“True, La Francophonie has a key political role to play. But La Francophonie must continue to be useful, visible, and practical. Today, we must shape people's environments to improve their living conditions. We must give the women and men of La Francophonie the means to take control of their development."
Quote from the proceedings of the Cotonou Summit of 1995: [Translation]
La Francophonie is a cultural and linguistic community representing almost 600 million people who use French in their daily lives. It is also an international community consisting of 51 member states and four observer states and governments located in Europe, Africa, the Middle East, the Caribbean, the Indian Ocean and the Pacific, and North America. These states and governments have all signed La Francophonie Charter, and work together to achieve common goals for economic, cultural, and political development.
During the Niamey Conference held in Niger in 1970, the first intergovernmental agency of La Francophonie was established - the Agency for Cultural and Technical Co-operation (ACCT). ACCT remains the most important organization of La Francophonie in terms of its mandate and operating budget (approximately $100 million a year).
Canada is a founding member of ACCT. A Canadian by the name of Jean-Marc Léger was the agency’s first Secretary-General, a position he held until 1973. It is the highest permanent position within the organization. Indeed, it was considered to be the most prestigious permanent position in La Francophonie until 1995, when the position of Secretary-General of La Francophonie was created. Jean-Louis Roy, another Canadian, distinguished himself as Secretary-General of La Francophonie from 1989 to 1997.
What is the Purpose of La Francophonie?
The programmes carried out by la Francophonie focus on 5 priorities:
- Strengthening Democracy and the Rule of Law
- Promoting Linguistic and Culture Diversity
- Education and Research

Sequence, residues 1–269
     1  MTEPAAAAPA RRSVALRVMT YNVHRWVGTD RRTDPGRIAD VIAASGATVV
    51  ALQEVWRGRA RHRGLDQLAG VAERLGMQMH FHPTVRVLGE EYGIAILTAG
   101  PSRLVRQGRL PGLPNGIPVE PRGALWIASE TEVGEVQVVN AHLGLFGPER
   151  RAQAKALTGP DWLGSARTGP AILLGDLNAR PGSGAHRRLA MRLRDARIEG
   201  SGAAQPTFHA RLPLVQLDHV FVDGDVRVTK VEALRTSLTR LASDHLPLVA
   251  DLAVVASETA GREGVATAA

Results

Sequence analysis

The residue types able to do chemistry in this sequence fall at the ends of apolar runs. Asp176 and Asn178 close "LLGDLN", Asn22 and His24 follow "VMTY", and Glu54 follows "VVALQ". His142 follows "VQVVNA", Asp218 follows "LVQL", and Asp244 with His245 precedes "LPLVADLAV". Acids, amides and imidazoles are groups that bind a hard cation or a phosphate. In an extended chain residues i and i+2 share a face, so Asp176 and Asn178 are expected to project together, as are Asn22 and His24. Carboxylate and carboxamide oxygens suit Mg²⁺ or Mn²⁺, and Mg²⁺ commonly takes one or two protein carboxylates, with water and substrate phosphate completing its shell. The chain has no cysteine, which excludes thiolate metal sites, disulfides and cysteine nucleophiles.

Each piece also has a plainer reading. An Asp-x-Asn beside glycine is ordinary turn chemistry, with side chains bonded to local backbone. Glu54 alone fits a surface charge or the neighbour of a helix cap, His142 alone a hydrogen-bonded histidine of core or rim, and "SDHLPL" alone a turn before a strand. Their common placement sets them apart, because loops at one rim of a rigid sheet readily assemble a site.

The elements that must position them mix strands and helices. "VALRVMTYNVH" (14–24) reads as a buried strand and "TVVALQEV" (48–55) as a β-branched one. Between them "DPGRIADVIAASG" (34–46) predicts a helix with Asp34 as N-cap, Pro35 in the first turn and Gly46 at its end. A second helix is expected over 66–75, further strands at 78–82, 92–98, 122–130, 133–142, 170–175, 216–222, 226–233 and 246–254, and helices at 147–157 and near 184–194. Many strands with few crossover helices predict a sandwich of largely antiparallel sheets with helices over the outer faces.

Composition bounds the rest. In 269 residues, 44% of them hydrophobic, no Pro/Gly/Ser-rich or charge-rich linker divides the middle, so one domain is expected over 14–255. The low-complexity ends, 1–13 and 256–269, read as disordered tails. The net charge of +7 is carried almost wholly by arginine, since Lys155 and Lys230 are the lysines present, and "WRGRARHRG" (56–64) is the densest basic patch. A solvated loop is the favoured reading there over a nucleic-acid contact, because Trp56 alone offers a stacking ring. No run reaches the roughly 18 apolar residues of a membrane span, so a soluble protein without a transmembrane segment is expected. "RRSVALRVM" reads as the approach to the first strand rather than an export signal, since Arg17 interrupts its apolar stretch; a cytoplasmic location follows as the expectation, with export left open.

- Economic Development
- World-Wide Dissemination of the French Language
How is Canada Involved?
- Canada was one of the founding members of ACCT.
- A Canadian named Jean-Marc Léger was the agency’s first Secretary-General.
- A Canadian named Jean-Louis Roy was Secretary-General of La Francophonie from 1989 to 1997.
- Canada hosted two Francophonie Summits, one in Quebec City in 1987, the other in Moncton, New Brunswick in 1999. Canada is expected to host another Summit in 2008, which will mark the 400th anniversary of the founding of Quebec City – one of the oldest cities in the Americas.
- Throughout the 1990’s, Canada participated in efforts to reorganize La Francophonie institutions. This led to the creation of the Secretary General position and the appointment of the first Secretary General Boutros Boutros-Ghali, as well as the adoption of the Charter that forms the legal foundations of La Francophonie.
Who does what in Canada?
The Canadian governmental departments most active in La Francophonie are Foreign Affairs Canada (FAC) and the Canadian International Development Agency (CIDA). While FAC is Canada’s key stakeholder in la Francophonie, CIDA provides funds for la Francophonie states eligible for development assistance as well as technical expertise to La Francophonie’s areas of activity.
La Francophonie has provided Canadians with greater opportunities to be international actors in the areas of language, culture, politics, the economy, new technology and cooperation. It has also helped Canadians to develop a deeper understanding of shared elements of language and culture around the world.
The International Day of La Francophonie is celebrated every year in countries around the world on March 20th.